Ben Gilhespy is Operations Director at County Durham Engineering and Manufacturing Network (CDEMN).

The organisation has 250 members from across the North East who want to tap into the network’s support and vast pool of expert partners who can facilitate their plans to grow.

Here Ben looks at the challenges and opportunities facing the sectors, and what CDEMN is doing to help employers overcome and embrace them.

“Our network has been operational for over two years now and in that time, it’s fair to say we’ve seen significant changes in the way companies operate and the issues they’re facing.

Without doubt one of the recurring themes is technology, more specifically the advances in technology which we refer to as Industry 4.0.

Recent workshops held by CDEMN and Business Durham highlight this.

The workshops, organised to show businesses how they can better capitalise on the opportunities which are being created by Industry 4.0, attracted attendees who are already fully switched on to the ways in which they can benefit from being more technologically innovative.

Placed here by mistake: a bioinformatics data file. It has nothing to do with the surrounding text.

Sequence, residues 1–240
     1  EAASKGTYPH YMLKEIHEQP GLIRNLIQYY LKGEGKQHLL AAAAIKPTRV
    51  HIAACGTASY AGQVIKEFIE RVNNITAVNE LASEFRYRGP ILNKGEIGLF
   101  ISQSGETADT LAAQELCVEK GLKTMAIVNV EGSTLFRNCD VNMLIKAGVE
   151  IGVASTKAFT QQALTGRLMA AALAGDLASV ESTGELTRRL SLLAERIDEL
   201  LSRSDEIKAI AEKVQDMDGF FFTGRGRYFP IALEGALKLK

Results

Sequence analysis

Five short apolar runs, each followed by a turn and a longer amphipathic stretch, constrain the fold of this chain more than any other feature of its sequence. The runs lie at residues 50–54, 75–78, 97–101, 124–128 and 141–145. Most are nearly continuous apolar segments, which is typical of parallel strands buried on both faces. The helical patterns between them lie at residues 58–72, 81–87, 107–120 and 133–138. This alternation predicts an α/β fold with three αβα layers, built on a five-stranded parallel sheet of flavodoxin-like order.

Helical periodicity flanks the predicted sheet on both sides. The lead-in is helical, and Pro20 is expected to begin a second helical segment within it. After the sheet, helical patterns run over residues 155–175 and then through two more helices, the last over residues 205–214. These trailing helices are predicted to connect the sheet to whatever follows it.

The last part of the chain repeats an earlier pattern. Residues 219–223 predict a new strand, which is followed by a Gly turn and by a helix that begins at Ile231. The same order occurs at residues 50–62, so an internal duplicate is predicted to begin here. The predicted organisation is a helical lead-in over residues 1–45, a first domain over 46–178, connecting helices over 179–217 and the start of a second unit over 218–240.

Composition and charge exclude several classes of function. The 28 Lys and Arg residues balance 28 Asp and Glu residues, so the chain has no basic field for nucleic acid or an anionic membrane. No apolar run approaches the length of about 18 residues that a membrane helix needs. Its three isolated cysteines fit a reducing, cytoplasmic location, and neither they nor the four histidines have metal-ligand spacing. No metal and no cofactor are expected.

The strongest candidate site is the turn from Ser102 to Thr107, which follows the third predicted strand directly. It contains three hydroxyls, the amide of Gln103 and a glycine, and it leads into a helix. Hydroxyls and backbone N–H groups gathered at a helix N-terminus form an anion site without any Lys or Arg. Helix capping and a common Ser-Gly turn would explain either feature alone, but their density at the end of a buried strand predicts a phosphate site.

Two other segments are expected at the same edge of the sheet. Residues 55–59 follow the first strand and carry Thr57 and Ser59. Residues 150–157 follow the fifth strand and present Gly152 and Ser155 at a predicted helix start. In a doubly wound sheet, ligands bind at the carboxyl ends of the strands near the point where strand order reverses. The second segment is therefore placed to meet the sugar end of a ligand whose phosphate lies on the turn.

But those companies who are yet to think this way – the ones who could have really done with the help – didn’t engage. Why?

The obvious issue is that the language we use to communicate these initiatives has been created in a way that speaks to those who don’t consider themselves technologically savvy. I believe the word is esoteric. We therefore have an obligation to provide tangible explanations and demonstrations to businesses to engage them in an inevitable future.

CDEMN has not only recognised this but also decided to create an environment at our upcoming EMCON event, where business owners and engineers can engage with the technologies available and understand the advantages and implications of investment in these.

We have asked exhibitors to showcase technologies that some may feel are years ahead of where they are today, but in fact have practical applications that are evolving rapidly for even the smallest of businesses. This will include virtual and augmented reality and the latest in drone technology being used in industrial applications.

Industry changes rapidly and we have gone from a world of paper drawings and fax machines to data files and instant messaging.

This is just the tip of the iceberg of what is an exciting future and here in the region we have some of the most advanced and successful companies developing and delivering these products and services.

However, we must also convert the ‘non-engagers’ and show them that if they don’t act now they will be left behind.